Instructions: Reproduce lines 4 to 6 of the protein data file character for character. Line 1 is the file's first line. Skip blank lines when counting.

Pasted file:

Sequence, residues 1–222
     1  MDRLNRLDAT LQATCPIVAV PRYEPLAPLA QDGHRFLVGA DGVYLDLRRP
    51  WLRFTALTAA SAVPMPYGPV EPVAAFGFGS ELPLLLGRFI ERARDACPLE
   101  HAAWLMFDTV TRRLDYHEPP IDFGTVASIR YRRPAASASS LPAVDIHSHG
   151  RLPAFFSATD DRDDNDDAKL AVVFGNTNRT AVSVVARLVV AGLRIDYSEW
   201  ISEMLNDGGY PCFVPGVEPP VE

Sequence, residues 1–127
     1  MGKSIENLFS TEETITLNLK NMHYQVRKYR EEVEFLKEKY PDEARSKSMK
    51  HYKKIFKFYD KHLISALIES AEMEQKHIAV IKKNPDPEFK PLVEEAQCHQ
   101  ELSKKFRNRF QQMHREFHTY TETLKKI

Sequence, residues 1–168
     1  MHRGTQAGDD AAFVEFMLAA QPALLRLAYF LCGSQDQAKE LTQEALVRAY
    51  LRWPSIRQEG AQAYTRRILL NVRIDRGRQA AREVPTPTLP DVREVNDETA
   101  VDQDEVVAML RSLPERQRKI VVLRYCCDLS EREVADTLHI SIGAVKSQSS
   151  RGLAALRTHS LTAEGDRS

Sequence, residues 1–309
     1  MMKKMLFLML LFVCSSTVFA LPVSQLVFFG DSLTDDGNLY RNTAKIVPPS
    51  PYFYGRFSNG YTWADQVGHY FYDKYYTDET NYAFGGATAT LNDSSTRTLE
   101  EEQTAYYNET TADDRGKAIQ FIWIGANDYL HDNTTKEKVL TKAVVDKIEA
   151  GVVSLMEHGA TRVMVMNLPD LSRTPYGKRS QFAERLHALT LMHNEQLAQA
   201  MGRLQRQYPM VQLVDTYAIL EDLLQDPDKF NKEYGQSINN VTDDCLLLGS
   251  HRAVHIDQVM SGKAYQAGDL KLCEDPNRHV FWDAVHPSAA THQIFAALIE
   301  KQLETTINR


   101  HAAWLMFDTV TRRLDYHEPP IDFGTVASIR YRRPAASASS LPAVDIHSHG
   151  RLPAFFSATD DRDDNDDAKL AVVFGNTNRT AVSVVARLVV AGLRIDYSEW
   201  ISEMLNDGGY PCFVPGVEPP VE